Postscript: Mary Marshall Clark, who interviewed former New York Times editor Betsy Wade for over 20 hours in the 1990s, speaks with her again in this unique follow-up.
You were the named plaintiff in Boylan v. Times, the sex discrimination lawsuit against the NYT. Last month we posted a link to a session of your oral history for Women’s History Month, that is live on C-SPAN. But as you recall, you and I spoke for nearly 20 hours. My staff and I have a few questions about that larger history that we hope will encourage people to come to our archive to hear your full and fascinating story.
Were there opportunities to get together as women at The Times, and express your concerns? Did you have safe spaces where you gathered to talk, and to plan?
We did have those opportunities and some of them seemed to us very funny. When we wanted to consult with the women from the Daily News to find out what they were thinking, we gathered in a little restaurant in Tudor City — pinched between Daily News building and UN — a place entirely filled with women, women of a certain age, plus-20, having dainty little salads and ice tea. This was the perfect place to meet because it’s clear that no management person of any management experience ever entered the restaurant. This was our funniest meeting site. The most important meeting site was the place where women from the news department of The Times; 9 or 11 or us (we disagree on the number) decided to have a lunch meeting at a restaurant then called ACT ONE in the old Allied Chemical Tower, and the old New York Times tower, a thin sliver of a building at the foot of Times Square. Judy Klemesrud, a reporter in the style department was confident that no one would ever go there. We had our first meeting there and laughed at the thought of meeting under the noses of management.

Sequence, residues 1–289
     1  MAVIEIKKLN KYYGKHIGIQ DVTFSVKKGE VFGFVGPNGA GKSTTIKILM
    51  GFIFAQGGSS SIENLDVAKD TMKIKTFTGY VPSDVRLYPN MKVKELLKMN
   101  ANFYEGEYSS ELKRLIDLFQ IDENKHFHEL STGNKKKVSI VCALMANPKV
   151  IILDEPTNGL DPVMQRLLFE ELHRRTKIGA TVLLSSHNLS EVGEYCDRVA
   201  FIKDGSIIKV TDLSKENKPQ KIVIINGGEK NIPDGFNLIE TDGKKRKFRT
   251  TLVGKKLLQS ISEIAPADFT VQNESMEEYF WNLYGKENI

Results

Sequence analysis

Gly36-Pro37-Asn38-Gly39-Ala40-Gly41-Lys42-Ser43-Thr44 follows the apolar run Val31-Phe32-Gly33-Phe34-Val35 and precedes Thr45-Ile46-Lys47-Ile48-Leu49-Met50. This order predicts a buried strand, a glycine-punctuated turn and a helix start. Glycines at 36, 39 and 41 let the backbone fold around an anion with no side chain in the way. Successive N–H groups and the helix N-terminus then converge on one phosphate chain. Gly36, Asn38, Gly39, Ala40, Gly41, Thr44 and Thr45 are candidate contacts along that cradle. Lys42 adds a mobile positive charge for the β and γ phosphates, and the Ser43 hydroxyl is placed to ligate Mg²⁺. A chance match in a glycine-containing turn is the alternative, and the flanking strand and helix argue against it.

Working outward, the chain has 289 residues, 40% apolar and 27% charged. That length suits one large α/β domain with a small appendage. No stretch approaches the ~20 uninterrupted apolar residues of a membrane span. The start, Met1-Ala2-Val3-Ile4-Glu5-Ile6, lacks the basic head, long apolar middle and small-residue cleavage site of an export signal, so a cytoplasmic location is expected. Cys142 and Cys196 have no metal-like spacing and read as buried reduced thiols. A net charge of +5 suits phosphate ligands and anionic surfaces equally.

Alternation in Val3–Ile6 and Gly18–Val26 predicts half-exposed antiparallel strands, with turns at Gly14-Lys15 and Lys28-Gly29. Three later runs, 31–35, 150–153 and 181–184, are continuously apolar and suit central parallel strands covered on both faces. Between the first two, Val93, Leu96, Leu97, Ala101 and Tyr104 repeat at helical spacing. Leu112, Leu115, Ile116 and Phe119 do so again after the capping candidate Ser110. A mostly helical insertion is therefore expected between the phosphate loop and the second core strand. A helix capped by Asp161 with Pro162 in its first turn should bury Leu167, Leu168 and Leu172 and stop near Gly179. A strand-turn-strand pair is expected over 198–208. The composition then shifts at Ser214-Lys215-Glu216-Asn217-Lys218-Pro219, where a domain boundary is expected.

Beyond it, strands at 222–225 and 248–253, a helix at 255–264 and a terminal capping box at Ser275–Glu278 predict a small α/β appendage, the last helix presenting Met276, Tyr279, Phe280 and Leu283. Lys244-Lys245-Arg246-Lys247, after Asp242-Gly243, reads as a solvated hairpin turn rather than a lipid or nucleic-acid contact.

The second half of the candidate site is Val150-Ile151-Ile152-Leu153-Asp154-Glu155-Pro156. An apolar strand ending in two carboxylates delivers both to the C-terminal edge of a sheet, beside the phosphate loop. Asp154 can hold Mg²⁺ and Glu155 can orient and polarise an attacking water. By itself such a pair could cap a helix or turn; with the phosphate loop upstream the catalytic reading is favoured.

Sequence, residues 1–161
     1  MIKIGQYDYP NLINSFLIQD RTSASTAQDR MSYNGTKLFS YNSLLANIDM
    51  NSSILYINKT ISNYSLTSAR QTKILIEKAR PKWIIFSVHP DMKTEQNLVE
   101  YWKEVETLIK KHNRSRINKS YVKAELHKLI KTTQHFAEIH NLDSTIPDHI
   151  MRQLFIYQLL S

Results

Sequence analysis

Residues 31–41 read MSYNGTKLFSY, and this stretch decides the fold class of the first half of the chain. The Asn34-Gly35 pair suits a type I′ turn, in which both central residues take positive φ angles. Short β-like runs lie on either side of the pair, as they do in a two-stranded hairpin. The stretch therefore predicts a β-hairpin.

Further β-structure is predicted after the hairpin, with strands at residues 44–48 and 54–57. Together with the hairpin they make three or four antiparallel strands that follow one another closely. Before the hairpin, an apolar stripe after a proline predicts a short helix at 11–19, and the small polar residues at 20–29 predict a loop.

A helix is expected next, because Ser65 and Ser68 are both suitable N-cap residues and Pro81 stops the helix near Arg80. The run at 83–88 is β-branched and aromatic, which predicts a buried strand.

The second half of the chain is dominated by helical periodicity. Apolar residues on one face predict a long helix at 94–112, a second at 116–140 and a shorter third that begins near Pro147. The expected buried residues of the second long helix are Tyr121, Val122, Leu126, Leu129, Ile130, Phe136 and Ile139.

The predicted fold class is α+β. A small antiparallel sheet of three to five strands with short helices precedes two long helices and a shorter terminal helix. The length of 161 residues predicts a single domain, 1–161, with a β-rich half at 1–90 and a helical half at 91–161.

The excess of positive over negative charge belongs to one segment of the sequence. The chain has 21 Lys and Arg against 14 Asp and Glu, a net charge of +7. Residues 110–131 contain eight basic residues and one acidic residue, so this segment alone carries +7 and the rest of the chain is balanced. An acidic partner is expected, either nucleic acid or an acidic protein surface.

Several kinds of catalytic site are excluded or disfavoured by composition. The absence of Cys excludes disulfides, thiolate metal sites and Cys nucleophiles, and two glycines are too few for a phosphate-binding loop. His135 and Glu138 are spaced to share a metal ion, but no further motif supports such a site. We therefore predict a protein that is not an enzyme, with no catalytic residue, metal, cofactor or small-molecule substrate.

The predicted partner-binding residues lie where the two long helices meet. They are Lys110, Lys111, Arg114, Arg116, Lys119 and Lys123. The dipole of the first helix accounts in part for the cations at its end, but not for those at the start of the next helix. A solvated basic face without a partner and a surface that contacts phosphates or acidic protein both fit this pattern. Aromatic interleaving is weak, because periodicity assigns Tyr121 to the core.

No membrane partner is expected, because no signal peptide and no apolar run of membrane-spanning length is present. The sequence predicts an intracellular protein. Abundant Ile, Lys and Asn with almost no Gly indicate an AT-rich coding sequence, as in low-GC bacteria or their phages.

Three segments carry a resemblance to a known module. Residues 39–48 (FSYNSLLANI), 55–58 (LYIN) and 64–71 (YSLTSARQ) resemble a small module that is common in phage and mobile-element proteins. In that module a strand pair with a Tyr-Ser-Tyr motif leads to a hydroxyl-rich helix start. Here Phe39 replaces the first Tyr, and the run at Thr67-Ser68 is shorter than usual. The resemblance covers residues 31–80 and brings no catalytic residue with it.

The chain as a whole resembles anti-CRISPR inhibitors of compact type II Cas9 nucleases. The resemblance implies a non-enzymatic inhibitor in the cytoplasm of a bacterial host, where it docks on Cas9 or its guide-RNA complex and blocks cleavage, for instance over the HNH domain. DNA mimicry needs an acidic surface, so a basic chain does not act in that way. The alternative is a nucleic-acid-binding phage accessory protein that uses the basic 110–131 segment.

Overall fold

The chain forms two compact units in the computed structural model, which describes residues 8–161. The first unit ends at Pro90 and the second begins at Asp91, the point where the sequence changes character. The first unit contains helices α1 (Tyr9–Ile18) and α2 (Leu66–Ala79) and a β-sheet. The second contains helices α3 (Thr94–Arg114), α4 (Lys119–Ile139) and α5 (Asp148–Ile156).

What was the “moment” in your memory that defined the beginning the women’s movement at The Times?
We would have to reconvene the [women’s] caucus to get the answer. The Times women believed that we were tremendously fortunate. We had jobs that everyone else had wanted and struggled to get. When we went to parties people would say, “Oh you work at The Times. Is there someone I could talk to?” It was very hard for us to understand how unhappy we were. Our lawyer told us we had to think of our employer as Southern Natural Gas! It was a gradual process of pushing and pulling. Grace Glueck said, “The women at Newsweek are sitting in, and also at the Ladies Home Journal, and here we are and nothing is happening here we are not getting anything done!” Part of the push came from my serving as pension trustee and looking at the male chart and female chart for pay rates versus age and seniority. So I knew what the numbers were, I could not copy but the bottom line was the bottom line. We were not doing well. There were no women photographers. But even then there were opportunities, sexually neutral jobs, but The Times wasn’t buying.
When did you know that litigation would be necessary?
Gosh. I think that at the time we had gotten a lawyer, in 1974, and filed very familiar complaints with a city agency and then with the EEOC, a federal agency. We could see by looking at these forms that it had a very legal feel, not a negotiable feel to it. “When did this begin? When did you first notice this or that?” These are not phrases that normally turn up in labor negotiations.
Who were the women who sustained you, and organized with you?